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The Baltimore Orioles raise the first question of eligibility for the Lobby of Numbers.
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In choosing which letter of the alphabet to go with for today's Hall of Names entry, I thought to choose the one that would yield the best team overall. Originally, I leaned toward building a "J" team, which we will get to eventually, but finally settled on the "R" squad.

I think we have a winner.

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After struggling through the All-Z and All-Q teams recently, with what was actually a nice break for a Y squad that had 93 former major leaguers including three Hall of Famers to choose from, we now head over to the daunting task of forming a team from the 92 men (and just two Hall of Famers) whose last or family name begins with the letter "V."
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In the long history of the Great Game, just 43 men whose last or family name begins with the letter "Q" have made it to the major league level. None have been Hall of Famers; really only one even had an oustide shot at Cooperstown, and -- alphabetically anyway -- he appears last on the "Q" list. He'll be the team's closer.

This is going to be a darn sight harder than the Y and Z teams we recently put together. But let's give it a go ...

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Well, the recent All-Z team didn't turn out too badly (and if you're wondering, yes, this is leading up to something -- a Batter's Box Challenge, in fact -- this coming off-season). But as we work our way (backwards for now, though we'll probably jump around a bit as we proceed) through the alphabet, we ask ourselves the eternal question, "Y Not?"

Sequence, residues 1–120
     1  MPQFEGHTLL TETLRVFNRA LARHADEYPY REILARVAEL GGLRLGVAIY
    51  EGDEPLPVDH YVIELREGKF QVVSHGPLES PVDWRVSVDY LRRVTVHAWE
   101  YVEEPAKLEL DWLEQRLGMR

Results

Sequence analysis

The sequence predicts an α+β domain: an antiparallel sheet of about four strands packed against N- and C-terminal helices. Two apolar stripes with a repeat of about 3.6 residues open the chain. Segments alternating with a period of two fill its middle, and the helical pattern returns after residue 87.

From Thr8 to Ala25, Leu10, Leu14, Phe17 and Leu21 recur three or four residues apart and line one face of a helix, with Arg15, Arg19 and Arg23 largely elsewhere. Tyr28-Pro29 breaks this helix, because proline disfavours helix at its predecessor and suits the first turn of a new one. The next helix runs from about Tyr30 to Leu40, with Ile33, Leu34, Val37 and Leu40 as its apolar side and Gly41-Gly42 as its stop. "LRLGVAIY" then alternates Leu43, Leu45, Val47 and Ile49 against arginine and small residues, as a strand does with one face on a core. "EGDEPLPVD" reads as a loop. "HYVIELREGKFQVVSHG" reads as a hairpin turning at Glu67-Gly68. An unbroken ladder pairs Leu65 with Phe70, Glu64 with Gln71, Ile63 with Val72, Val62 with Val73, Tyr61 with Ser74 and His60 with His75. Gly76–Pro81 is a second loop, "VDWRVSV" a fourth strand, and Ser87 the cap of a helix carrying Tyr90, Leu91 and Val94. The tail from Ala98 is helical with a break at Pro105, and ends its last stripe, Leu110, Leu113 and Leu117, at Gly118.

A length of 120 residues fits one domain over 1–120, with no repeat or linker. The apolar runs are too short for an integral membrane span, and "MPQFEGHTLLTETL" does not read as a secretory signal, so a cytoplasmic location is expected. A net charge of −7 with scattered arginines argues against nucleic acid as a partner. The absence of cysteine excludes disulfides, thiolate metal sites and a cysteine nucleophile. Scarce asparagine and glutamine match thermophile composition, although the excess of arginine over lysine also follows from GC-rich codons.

That is, what kind of Hall of Names team can be built using only the 93 men to have reached the MLB level whose last/family name begins with the letter "Y"? And unlike our previous Z-team, we actually have a Hall of Famer -- actually, four of them! -- to start with.

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The specter of whether or not Babe Didrikson Zaharias should win a spot on the recent All-Babe team raised another interesting question ... what kind of Hall of Names team could be gathered using only the 74 men to have reached the MLB level whose last/family name begins with the letter "Z"?
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Jordan raises the issue of M*A*S*H in his latest Minor League Update (a show that managed to never "jump the shark," incidentally) which leads, as you might guess, to an All-M*A*S*H Hall of Names team quest.

We've used movies (All-Grease) and T.V. Shows (All-Sesame Street, All-Simpsons) as the basis for the Hall of Names before, but this is the first time we're going to a franchise that was both a classic movie AND a classic TV show.

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Way back on January 10, Batter's Box asked the leading question, what is it with baseball and lawyers? After input from the esteemed Jamey Newberg and the seven or eight dozen shysters who frequent these here parts of the Web, the matter was largely dropped.

Then more recently -- just last week, in fact -- in a standard "Baseball's Hall of Names" feature, we examined the posibilities presented by an "All-Doc" (or alternatively, an "All-M.D.) team.

And if you've been to college, you know the pre-law guys don't want the pre-med guys to have anything they don't get (and vice versa), so we feel obliged to offer an "All-Legal" team here on Batter's Box. However, we'll take a bit of a different tack than we did with our medical squad -- and be sure to watch for the wacky Chief Justice Showdown at the end of the show!

NEW! Sidebar comments with a complete "All-J.D." team and Craig Burley's special complete team of all actual lawyers!

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OK, not really Hall of Names. Mick holds proprietary rights there, and I've been doing enough poaching in other people's fields, surely. This is more like the Lobby of Numbers.